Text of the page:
Toy Runs for Kids : Merry Christmas

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Rogue rides to the Toy Run in Brevard County, Florida

It is the time of year that Bikers from around the country hold Toy Runs to help out those in their community who need toys for their kids.

Things have been tough for a lot of people, but you can always count on the Bikers to help where they can.

CLICK HERE To Read this Merry Report from Florida Toy Run

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World’s Fastest Electric Motorcycle Upgraded, to Break Its Own Records

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World’s Fastest Electric Motorcycle Has Been Upgraded, Wants to Break Its Own Records
from https://www.autoevolution.com by Cristina Mircea

The fastest electric motorcycle in the world aims to become even faster. Voxan recently unveiled its new and improved Wattman.

Venturi-owned electric motorcycle brand Voxan designed the Wattman with one goal in mind: to set new world speed records. The bike was initially supposed to prove its abilities on the biggest salt flat on Earth, in Bolivia. However, the global health crisis changed everyone’s plans, and the Wattman had to settle for breaking 11 world speed records on the runway at the Chateauroux airfield in France. Nevertheless, it achieved an incredible speed of 408 kph (253.5 mph), with world champion Max Biaggi at the helm.

But that was in the fall of 2020, and Voxan knows there’s always room for improvement. That is why the company announced a new version of the Wattman, which has just kicked off its first ultra-high-speed tests at Space Florida’s Launch and Landing Facility (Kennedy Space Center), one of the longest runways in the world, with a length of 15,000 ft (4.5 km).

Voxan brought some significant upgrades to the new Wattman in terms of weight, stability, and power. This new version weighs under 300 kg (661 lb), allowing it to compete in a new category. Voxan used a new battery design for its latest bike, both mechanical and electric, created in partnership with French manufacturer Saft.

Stability has been improved with the new Wattman, as the modified motorcycle now features an increased wheelbase of 1,957 mm (77 in) from 1,800 mm (70.8 in) with the previous version. The seat height has also been increased from 610 mm (24 in) to 685 mm (26.9 in). Voxan equipped the bike with custom-designed Michelin tires tailored to endure extremely high speeds.

In terms of performance, the new Wattman, which relies on the Mercedes EQ Formula E powertrain, can now deliver powers of 320 kW (429 HP), as opposed to 270 kW (362 HP), for the previous version. As for the torque, it has also increased at 1,360 Nm.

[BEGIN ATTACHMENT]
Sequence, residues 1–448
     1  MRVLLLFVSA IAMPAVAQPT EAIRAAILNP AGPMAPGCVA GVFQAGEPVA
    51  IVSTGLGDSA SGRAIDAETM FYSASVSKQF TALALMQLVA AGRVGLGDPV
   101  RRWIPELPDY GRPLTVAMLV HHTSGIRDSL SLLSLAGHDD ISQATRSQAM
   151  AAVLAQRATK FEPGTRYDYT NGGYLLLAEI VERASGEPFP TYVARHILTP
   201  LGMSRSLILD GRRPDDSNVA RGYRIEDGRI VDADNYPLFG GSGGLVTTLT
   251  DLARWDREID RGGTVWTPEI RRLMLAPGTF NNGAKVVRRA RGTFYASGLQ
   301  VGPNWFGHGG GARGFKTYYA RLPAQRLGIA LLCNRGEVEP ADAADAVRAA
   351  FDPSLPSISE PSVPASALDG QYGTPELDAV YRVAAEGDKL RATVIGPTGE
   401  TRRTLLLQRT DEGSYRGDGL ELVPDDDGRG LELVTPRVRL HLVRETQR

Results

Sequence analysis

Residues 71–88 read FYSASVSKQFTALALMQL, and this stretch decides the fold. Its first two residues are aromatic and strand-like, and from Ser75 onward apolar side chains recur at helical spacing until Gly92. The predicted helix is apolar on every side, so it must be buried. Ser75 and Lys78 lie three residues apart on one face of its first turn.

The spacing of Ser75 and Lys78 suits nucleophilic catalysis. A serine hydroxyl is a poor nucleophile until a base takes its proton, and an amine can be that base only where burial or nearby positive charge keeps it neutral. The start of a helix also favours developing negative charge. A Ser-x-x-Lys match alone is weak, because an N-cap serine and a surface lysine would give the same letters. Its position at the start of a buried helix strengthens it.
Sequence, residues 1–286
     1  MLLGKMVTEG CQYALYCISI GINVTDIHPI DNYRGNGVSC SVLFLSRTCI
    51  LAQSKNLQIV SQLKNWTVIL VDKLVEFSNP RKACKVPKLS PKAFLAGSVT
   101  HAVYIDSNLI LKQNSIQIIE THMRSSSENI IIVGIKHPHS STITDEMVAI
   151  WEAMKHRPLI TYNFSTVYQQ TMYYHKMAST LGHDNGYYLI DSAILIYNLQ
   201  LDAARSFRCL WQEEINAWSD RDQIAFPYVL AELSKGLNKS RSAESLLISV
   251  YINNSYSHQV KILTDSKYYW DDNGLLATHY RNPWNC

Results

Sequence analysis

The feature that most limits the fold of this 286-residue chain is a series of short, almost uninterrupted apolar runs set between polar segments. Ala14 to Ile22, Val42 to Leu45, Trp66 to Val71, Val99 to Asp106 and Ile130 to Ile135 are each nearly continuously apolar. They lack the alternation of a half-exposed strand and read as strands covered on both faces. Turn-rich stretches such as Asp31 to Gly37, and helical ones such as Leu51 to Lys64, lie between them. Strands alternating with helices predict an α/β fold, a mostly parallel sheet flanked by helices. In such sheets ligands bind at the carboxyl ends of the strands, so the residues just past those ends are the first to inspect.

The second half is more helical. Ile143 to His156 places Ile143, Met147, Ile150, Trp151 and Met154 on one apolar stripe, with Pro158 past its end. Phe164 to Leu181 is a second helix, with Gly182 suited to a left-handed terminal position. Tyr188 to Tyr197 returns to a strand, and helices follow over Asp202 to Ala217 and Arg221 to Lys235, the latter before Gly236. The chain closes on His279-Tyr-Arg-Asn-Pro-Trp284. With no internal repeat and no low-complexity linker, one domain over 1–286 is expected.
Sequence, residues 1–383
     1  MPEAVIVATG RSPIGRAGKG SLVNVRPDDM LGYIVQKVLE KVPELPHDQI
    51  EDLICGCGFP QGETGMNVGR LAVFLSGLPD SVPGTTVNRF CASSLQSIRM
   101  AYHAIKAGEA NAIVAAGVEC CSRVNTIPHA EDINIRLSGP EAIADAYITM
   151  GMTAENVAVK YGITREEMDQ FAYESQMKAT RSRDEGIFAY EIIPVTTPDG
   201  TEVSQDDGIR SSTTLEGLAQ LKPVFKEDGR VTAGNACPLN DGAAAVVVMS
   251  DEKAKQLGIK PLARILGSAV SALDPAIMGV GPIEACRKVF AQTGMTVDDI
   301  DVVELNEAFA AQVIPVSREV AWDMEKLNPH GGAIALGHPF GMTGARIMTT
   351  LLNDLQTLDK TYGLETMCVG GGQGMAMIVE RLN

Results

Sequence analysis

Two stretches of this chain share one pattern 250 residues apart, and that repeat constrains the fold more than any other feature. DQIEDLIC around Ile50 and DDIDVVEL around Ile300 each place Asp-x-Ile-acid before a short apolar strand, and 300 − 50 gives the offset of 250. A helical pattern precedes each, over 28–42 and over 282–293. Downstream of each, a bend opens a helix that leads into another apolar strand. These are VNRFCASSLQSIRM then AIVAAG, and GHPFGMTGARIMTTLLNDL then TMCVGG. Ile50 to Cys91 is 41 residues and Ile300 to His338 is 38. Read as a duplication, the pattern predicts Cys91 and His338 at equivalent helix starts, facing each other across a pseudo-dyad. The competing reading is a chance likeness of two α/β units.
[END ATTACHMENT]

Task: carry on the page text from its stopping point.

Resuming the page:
If everything goes according to schedule, the new Wattman will once again attempt to break its own records within the first six months of 2022.

PRESS RELEASE – 15 NOVEMBER 2021

Electric motorcycle brand Voxan, owned by high-performance electric vehicle specialist Venturi, presents the new Wattman. With world champion Max Biaggi at the controls, the brand is setting out to conquer yet more world speed records.

Closer to the stars
The Voxan Wattman was initially due to make its attempts on a Bolivian salt flat in July 2020, but the pandemic made travel impossible, and so it was on the runway at the Châteauroux airfield in France that the team broke 11 world speed records a year ago.

Asphalt proved to be an interesting surface, so the Wattman – modified accordingly – will continue its schedule on another strip. This time, the venue will be the Space Florida’s Launch and Landing Facility at the Kennedy Space Center (Florida, USA), where, from Monday 15 November, the first ultra-high-speed tests will get underway.

Weight – stability – power
The Wattman is now under 300 kilos in weight, allowing it to compete in this category. The weight difference is primarily down to a new Voxan-Saft battery design, which is both mechanical and electric. Saft, the French subsidiary of TotalEnergies, specialises particularly in high-performance, very high-power batteries. The pouch cells used make it possible to increase the batteries’ power by nearly 80 times, compared with around 10 times for standard products on the market. They are assembled in modules, enabling cooling to be managed with a recently patented process, resulting in an ultra-compact construction.

The bike continues to rely on the Mercedes EQ Formula E powertrain, which delivers power of 320 kW (compared with 270 kW for the previous version) and offers torque of 1,360 Nm.

Other notable differences compared with the previous Wattman include the motorcycle’s dimensions: to improve stability and air penetration, the wheelbase has been increased to 1,957 mm (from 1,800 mm previously) and the seat height is now 685 mm (up from 610 mm). In the event of significant crosswinds, the team will now have the flexibility to add a fairing that cuts wind resistance.